Achieving Full Anatomical Correction in Girls with cloacal anomalies: A Necessity or an Overdoing?

Document Type : Original Article


Department of Pediatric Surgery, Faculty of Medicine, Ain Shams University, Cairo, Egypt


Purpose: To highlight a different concept for the urogenitoplasty in the management of cloaca and its possible implications on functional and cosmetic outcome.
Patients and Methods: The study included six cases of cloaca who were recently managed during the period 2011 through 2015. Regarding urogenitoplasty, two cases with low urogenital confluence had a short common channel and were managed by introitoplasty in one and partial urogenital sinus mobilization in the other. One case with high distended vagina communicating close to the bladder neck was managed by vaginal pull-through, while keeping the common urogenital sinus to act as urethra. In between, three intermediate cases were also managed by introitoplasty, while keeping them with the common urogenital sinus uncorrected.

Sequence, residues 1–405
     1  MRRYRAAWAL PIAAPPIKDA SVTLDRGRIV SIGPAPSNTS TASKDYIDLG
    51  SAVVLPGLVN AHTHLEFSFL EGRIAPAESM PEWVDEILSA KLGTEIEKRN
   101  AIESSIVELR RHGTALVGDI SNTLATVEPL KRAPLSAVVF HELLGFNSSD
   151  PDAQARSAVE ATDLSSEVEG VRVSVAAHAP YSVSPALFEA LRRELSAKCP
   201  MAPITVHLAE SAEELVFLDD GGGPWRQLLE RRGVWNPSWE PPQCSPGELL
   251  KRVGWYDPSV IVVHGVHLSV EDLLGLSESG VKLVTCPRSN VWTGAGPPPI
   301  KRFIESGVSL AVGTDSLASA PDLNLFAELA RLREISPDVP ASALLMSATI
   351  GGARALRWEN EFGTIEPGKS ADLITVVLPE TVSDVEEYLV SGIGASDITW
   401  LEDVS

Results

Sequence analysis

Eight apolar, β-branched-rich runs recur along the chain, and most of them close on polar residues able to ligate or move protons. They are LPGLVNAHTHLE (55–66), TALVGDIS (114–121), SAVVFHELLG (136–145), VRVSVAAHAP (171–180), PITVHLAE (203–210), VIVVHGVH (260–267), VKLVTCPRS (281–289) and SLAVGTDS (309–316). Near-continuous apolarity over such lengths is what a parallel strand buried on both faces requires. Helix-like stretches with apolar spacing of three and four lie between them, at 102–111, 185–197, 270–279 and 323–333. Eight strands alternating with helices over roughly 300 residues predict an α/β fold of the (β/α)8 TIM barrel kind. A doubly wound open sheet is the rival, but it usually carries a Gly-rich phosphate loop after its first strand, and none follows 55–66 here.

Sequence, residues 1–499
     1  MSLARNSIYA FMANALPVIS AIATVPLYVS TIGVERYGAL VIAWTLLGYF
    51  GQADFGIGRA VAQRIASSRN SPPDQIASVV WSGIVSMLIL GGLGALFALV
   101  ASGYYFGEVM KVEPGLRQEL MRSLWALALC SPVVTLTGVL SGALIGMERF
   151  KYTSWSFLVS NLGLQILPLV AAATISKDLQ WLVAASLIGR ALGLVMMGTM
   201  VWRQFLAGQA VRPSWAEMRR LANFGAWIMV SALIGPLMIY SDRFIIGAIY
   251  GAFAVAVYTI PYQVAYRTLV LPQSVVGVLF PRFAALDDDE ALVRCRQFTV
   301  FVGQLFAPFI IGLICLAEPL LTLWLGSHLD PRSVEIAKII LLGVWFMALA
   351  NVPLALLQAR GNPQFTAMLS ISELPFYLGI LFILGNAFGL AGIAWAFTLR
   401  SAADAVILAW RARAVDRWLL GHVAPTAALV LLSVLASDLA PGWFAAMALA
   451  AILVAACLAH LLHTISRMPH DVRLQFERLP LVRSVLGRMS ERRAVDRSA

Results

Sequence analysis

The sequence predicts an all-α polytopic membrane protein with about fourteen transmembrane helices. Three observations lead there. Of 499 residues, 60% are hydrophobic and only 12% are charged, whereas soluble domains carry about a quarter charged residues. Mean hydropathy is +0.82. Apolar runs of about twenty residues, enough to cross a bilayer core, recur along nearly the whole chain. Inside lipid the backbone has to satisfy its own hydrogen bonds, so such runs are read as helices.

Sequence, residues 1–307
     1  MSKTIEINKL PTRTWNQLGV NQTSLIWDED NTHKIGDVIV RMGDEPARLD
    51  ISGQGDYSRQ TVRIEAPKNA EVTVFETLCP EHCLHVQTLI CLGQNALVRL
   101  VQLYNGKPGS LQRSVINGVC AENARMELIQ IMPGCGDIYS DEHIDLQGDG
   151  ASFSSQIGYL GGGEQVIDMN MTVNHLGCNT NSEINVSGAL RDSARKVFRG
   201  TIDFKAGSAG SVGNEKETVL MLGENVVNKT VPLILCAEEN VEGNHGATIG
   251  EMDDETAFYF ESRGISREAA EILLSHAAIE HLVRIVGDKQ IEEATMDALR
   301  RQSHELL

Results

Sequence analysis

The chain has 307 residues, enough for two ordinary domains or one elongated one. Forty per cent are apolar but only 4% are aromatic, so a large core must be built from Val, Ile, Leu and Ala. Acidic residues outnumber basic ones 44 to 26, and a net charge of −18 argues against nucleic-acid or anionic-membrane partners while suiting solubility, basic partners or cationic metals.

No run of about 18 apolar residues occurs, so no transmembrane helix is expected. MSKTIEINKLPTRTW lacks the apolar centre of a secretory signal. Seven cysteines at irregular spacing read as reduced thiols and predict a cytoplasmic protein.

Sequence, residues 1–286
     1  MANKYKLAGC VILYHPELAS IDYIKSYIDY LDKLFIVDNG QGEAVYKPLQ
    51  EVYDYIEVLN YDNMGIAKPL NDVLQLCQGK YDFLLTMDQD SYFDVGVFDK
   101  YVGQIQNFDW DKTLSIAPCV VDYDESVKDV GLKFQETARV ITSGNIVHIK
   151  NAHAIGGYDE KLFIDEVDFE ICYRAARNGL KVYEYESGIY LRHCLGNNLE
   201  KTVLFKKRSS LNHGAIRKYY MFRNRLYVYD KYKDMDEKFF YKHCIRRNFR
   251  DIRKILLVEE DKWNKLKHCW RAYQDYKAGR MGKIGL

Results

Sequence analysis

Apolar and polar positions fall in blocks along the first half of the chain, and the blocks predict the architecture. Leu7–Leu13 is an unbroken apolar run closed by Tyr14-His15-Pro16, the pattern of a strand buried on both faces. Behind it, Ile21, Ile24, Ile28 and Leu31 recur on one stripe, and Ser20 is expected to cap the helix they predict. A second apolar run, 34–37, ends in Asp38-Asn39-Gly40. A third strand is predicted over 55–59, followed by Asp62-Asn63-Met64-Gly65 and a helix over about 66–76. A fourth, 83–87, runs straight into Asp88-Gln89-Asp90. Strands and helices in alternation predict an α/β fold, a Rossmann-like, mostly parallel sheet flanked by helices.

Results: The follow-up period ranged from 2 to 6.5 years. Apart from the hypoplastic external genitalia, all cases included in the study had minimal perineal scaring compared with old cases that underwent extensive perineal ‘urogenital’ dissection. Urinary and stool incontinence was observed in one case that was associated with caudal regression syndrome. Another case that underwent vaginal pull-through had poor evacuation of the urinary bladder; this was managed by anticholinergics and clean intermittent catheterization. The rest of cases had voluntary bowel movements and spontaneous voluntary micturition.
Conclusion: Considering the potential risk and complications of separating the vagina from the urethra in some cases of cloaca, it might be better from the functional and cosmetic point of view to perform just introitoplasty while keeping these girls with the common urogenital sinus uncorrected.